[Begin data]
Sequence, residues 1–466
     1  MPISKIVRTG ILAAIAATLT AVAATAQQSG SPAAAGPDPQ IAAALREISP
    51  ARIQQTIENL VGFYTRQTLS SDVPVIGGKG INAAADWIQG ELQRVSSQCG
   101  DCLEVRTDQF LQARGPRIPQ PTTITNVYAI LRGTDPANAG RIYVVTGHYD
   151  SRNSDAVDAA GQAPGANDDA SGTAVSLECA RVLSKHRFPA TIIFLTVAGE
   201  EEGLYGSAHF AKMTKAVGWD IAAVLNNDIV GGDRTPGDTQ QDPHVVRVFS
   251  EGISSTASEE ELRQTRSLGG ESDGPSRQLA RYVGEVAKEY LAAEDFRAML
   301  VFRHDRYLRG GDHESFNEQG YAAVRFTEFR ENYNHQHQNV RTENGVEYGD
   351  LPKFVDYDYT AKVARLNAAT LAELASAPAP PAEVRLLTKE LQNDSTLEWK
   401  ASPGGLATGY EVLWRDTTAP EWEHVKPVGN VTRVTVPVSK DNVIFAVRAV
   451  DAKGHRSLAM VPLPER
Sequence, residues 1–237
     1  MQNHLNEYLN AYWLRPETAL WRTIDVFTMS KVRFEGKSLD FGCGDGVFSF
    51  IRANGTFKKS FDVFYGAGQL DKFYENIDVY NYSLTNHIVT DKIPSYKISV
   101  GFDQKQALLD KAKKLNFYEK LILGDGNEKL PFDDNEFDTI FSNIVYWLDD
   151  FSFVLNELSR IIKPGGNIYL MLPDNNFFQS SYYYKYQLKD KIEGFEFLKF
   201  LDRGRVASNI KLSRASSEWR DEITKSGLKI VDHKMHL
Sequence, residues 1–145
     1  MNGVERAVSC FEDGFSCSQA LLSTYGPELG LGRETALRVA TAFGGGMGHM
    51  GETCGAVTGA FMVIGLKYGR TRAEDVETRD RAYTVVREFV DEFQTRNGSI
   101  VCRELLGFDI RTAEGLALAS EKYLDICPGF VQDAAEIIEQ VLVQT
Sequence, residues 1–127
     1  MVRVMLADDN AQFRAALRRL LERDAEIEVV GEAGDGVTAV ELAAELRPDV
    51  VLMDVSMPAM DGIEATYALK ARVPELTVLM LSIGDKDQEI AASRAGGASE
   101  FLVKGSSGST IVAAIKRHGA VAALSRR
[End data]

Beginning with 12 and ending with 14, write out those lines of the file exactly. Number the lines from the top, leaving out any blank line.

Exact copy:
Sequence, residues 1–237
     1  MQNHLNEYLN AYWLRPETAL WRTIDVFTMS KVRFEGKSLD FGCGDGVFSF
    51  IRANGTFKKS FDVFYGAGQL DKFYENIDVY NYSLTNHIVT DKIPSYKISV